It has been thirty years now since the Iranian Revolution, and fifty years since the first Islamist resistance movement, the Muslim Brotherhood, was formed in Egypt. Yet many in the West remain bemused: Why is there an Islamist resistance at all? "Against what are Muslims in revolt?" Westerners ask. Even now, more shockingly, there seems still no clarity about the Iranian Revolution: Was it nothing more than a populist kick against power, and the Shah's heavy-handedness that was hijacked by the Ayatollahs—as many assert?
Such explanations seem blindingly inadequate to account for events that were—and still are—mobilizing and energizing hundreds of millions of Muslims. In my book Resistance: The Essence of the Islamist Revolution, I argue that the revolution is essentially a "refusal"—a grand refusal to accept an understanding of the self or of the worlds dominated by contemporary secular Western consciousness.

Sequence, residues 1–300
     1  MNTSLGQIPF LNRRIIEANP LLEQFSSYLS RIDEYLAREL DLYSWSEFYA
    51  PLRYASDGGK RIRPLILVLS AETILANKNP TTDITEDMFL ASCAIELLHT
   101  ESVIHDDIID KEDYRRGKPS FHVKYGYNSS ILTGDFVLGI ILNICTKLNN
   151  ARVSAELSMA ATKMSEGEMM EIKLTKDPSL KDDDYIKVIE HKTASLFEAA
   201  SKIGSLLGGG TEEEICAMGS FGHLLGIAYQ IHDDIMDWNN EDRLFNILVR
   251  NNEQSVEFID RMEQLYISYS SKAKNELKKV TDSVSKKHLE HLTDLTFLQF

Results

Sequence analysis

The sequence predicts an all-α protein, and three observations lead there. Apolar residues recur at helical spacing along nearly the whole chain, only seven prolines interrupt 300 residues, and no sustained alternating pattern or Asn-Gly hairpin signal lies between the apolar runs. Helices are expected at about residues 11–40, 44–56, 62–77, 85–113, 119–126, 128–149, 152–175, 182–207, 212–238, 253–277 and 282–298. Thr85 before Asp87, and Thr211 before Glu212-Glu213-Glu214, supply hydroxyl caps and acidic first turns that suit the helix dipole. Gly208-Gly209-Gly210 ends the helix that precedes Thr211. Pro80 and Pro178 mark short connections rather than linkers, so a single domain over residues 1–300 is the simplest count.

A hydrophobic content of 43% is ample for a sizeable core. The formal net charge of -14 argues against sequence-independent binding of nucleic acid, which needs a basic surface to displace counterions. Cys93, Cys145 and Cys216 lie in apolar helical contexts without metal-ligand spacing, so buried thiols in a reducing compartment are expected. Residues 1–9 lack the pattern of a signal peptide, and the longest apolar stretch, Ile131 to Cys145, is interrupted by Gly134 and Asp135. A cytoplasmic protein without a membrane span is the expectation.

Islamism, in short, is not irrational—it is no whimsy or divine caprice; it is accessible to reasoned explanation. And it seeks to evolve an alternative to the ways of the West.
Western modernity essentially has stood on two pillars: The first has been described by historians as the "Great Transformation." It began in Europe in the 18th century and was based on a moral philosophy that saw human welfare yoked to the efficient operation of markets. Humans, pursuing private desires and needs, would intersect with others, through the market mechanism, to maximize not only individual welfare but also community well-being.